Tom Cruise was so eager to introduce other celebrities to Scientology that the church once built a soccer field for him to show off to David Beckham.
The actor “was doing his best to court celebrities other than those with whom he was working on films. Perhaps the most famous were David and Victoria Beckham,” writes Mike Rinder in the new book “A Billion Years: My Escape From a Life in the Highest Ranks of Scientology.”
“A professional-grade soccer pitch was constructed on the property at Gold [Base, church headquarters in San Jacinto, Calif.]. The ground was leveled, irrigation installed, perfect turf, goals raised,” Rinder, a former high-ranking church officer, writes. “A full-time caretaker was appointed from the Gold staff … It was built for one purpose only: so Tom Cruise could woo his friend David to come to Gold. It never happened.”
The church has also sought to help Cruise with his love life, Rinder claims.
In 2004, the star was in Spain at a ribbon-cutting ceremony for a new Scientology center. “Tom had been dating Spanish actress Penélope Cruz, which was a contributing factor as to why so much money was spent to buy and renovate the beautiful building there,” Rinder writes. “So it’s a bit ironic that by the time it was completed Penélope had broken up with him.”
At the ceremony, the star reportedly turned to Rinder and griped, “Can you believe [Cruise’s sister] Lee Ann can’t set me up with a girlfriend?”
Miscavige “took it to heart” and allegedly initiated a special project, overseen by trusted lieutenant Greg Wilhere, where “auditions” were held to find the action star a girlfriend and, ultimately, a spouse.
Cruise had a short-lived relationship with British-Iranian actress Nazanin Boniadi, who was also a Scientologist, and began dating “Dawson’s Creek” star Katie Holmes in April 2005. (Holmes shocked the world when she announced she was splitting from Cruise in June 2012 after six years of marriage.)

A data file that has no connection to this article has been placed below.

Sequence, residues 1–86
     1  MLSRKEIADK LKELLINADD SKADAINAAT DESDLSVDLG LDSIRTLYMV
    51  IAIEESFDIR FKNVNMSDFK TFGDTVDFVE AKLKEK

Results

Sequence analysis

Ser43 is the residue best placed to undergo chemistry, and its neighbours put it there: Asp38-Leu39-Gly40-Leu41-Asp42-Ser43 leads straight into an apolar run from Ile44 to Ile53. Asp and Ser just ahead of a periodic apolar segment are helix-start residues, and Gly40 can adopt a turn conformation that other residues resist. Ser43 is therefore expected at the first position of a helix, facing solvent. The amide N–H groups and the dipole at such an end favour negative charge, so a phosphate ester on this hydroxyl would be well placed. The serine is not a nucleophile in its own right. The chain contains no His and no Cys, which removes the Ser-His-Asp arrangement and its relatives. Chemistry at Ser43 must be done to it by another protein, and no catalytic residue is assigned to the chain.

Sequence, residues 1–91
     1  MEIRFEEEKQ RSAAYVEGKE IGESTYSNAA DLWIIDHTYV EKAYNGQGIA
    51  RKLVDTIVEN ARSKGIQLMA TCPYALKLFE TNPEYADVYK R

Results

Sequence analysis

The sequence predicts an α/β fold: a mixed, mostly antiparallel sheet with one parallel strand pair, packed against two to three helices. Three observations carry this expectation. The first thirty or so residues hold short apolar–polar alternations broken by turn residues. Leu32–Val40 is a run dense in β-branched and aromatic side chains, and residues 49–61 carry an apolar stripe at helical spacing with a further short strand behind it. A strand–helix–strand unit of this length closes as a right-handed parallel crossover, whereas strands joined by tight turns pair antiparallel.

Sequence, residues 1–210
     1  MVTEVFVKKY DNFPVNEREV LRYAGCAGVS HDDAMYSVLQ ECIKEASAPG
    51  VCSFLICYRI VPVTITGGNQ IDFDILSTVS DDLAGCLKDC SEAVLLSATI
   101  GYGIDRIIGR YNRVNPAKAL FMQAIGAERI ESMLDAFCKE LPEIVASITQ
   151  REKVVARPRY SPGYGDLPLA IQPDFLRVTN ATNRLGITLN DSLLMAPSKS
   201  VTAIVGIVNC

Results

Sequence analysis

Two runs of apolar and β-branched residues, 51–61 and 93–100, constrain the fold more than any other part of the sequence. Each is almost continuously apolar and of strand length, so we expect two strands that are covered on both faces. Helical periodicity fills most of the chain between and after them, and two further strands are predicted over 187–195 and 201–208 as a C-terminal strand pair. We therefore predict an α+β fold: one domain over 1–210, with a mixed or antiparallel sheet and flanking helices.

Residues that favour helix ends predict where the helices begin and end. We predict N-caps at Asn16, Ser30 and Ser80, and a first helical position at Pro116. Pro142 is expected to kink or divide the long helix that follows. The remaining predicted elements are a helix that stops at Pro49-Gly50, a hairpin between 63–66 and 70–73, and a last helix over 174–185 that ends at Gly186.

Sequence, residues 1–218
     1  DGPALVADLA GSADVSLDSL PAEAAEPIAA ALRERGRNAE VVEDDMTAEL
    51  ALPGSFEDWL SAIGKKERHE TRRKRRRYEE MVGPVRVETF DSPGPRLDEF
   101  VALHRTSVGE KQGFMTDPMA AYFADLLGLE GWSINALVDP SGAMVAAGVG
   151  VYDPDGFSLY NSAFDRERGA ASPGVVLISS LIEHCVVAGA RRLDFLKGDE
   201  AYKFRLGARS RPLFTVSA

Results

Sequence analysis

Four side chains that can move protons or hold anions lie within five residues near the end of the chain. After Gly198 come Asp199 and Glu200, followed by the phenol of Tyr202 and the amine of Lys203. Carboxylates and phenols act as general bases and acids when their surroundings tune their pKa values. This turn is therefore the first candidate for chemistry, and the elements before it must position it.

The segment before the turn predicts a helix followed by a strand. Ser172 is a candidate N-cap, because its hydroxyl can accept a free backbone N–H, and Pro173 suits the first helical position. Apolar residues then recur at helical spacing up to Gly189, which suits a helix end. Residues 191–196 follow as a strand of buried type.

“Mike Rinder is an inveterate liar who seeks to profit from his dishonesty. He supports himself by orchestrating the harassment of his former Church and its leader through false police reports, incendiary propaganda and fraudulent media stories,” a Scientology spokesperson told Page Six.
Rinder writes that he was also tasked with talking to Cruise’s longtime publicist, Pat Kingsley of powerhouse firm PMK, who had advised the actor not to talk about Scientology in public. Eventually, Cruise fired Kingsley and replaced her with his sister Lee Ann. His three sisters and mother had all joined the sect.
Lee Ann was inexperienced, Rinder writes, and did whatever Miscavige told her to.
“With time, Cruise’s public statements steadily became more and more outlandish,” Rinder writes. “He ultimately made a complete fool of himself by jumping on Oprah Winfrey’s couch during their infamous May 23, 2005, interview when he revealed his love for Holmes.
“Shortly after that, he accused Matt Lauer of being ‘glib’ about psychiatric drugs on the Today show … He was the perfect example of what a Scientology celebrity should be doing — speaking with absolute certainty, unashamed of what we Scientologists believed and knew to be true, no matter how bats–t crazy.”
Rinder’s own introduction to Scientology came at the age of 5 when his parents began taking him to their local church center in Adelaide, Australia. After high school, he skipped university and instead became a member of Sea Org.
After becoming Scientology’s international spokesperson and the head of its Office of Special Affairs. he also helped negotiate the organization’s controversial tax exemption from the IRS and spent time with many of its most prominent celebrity members including Tom Cruise, Kirstie Alley, John Travolta and Lisa Marie Presley.
But misgivings about the secretive organization made Rinder rethink his position and he finally left in 2007 at the age of 52. Overnight he became an enemy of the group and claims that he was followed, hacked and spied on.
Rinder writes that he paid a steep price for his defection.
His ex-wife, Cathy, who remains in Sea Org., divorced him after he left. Their two children “disconnected” from Rinder, as did his brother, sister and their families. His mother also “disconnected” and he was not told by family when she passed away in 2013.
The whistleblower is often asked why he continues speaking out despite constant harassment.
“I always respond truthfully,” he writes. “I brought two children into that world and they know no better. I want them to have a chance to think for themselves and make up their own minds.”